Duke Law Center for Judicial Studies

Bridging the gap between academia and the bench and bar.

Center for Judicial Studies

The Duke Law Center for Judicial Studies administers several distinct programs, all aimed at improving the administration of justice by focusing on the study and exploration of the judicial process. The Center brings together judges, practitioners, teachers, and key government officials to achieve a better understanding of the judiciary and to generate improvements in the administration of justice.

Each program is separately administered and funded. The Master of Judicial Studies program is supported by an endowment created by The Duke Endowment. The Appellate Judicial Education Institute is funded by event registration fees and gifts from sponsors. The Duke Conferences are funded by registration fees. Judicature is funded by subscriptions and sponsorships. EDRM is funding by sponsorships and memberships. For more information on each program, including leadership, events, and program details, please visit each program’s website.


Judicial Education

  • Post-graduate degree program for federal, state, and foreign judges who participate in two four-week sessions of on-campus coursework and produce a thesis over the course of two years.

  • Participants from Bench-Bar Academy event

    The nation’s premier national judicial education conference gathers hundreds of appellate judges, staff attorneys, and practitioners for four days of practical, cutting-edge continuing legal education.

Improving the Administration of Justice

  • Photo from first Master of Judicial Studies class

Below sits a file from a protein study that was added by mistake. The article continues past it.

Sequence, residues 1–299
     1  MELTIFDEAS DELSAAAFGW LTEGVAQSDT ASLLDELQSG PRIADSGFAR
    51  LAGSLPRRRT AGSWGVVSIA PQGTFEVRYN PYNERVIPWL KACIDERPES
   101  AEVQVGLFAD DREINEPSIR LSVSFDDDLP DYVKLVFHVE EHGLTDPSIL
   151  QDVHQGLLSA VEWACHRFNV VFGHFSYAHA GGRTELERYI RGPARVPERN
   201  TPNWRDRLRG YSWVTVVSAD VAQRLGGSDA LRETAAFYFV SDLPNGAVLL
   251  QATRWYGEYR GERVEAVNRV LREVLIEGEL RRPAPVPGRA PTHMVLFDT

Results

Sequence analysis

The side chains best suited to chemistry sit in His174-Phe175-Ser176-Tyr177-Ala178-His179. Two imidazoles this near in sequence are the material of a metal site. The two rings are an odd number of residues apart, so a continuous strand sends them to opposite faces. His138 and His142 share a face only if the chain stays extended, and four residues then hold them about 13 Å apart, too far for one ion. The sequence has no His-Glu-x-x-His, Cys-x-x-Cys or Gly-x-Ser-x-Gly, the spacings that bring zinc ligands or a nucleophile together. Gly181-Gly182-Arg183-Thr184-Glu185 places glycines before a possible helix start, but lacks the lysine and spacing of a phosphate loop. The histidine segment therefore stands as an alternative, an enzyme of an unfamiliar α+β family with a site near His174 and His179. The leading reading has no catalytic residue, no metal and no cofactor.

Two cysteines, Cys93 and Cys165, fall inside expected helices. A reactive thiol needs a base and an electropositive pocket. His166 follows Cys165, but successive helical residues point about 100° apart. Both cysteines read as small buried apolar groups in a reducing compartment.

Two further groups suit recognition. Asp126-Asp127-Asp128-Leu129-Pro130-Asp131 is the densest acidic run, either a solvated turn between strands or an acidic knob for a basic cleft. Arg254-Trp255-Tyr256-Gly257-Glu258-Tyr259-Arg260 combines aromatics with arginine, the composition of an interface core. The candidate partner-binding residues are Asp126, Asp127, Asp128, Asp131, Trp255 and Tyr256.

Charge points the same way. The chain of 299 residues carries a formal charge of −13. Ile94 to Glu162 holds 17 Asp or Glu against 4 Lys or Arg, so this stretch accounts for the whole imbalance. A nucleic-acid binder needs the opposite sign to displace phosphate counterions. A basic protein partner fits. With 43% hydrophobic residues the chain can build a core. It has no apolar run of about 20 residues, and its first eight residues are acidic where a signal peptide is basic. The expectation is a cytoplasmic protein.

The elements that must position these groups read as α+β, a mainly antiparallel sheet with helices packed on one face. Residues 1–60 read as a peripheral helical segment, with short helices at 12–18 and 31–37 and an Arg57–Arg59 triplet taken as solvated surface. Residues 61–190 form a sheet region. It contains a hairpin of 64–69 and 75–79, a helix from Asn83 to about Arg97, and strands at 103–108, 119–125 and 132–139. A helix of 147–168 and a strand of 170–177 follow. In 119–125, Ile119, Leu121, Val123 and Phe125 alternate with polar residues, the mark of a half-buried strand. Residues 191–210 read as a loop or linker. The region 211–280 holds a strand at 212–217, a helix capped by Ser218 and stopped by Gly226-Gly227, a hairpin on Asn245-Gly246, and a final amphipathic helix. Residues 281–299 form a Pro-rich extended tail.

Practitioners, scholars, and jurists join forces to study issues and discuss ideas for improving the administration of justice.

  • Judges gavel and scales of justice
    A quarterly journal that explores all aspects of the administration of justice through scholarship and opinion pieces.


  • Creating practical resources to improve e-discovery and information governance.




To do your job better, you have to understand how you do your job. And that's what I've gotten here.”

Magistrate Judge George C. Hanks Jr.,
U.S. District Court for the Southern District of Texas, is a member of the inaugural Master of Laws in Judicial Studies class.


The Storied Third Branch

Current issue:

A Mentor to All
"By default, Judge Guy assumed the role of example and mentor to the handful of African-American attorneys who began to filter into the ranks of the Nevada State Bar. But Judge Guy didn’t stop there. He eagerly embraced the mantle of mentor to all whose paths he crossed, including criminal defendants who stood before him for sentencing. ..." writes Judge Johnnie B. Rawlinson, of Judge Addeliar D. ("Dell") Guy III

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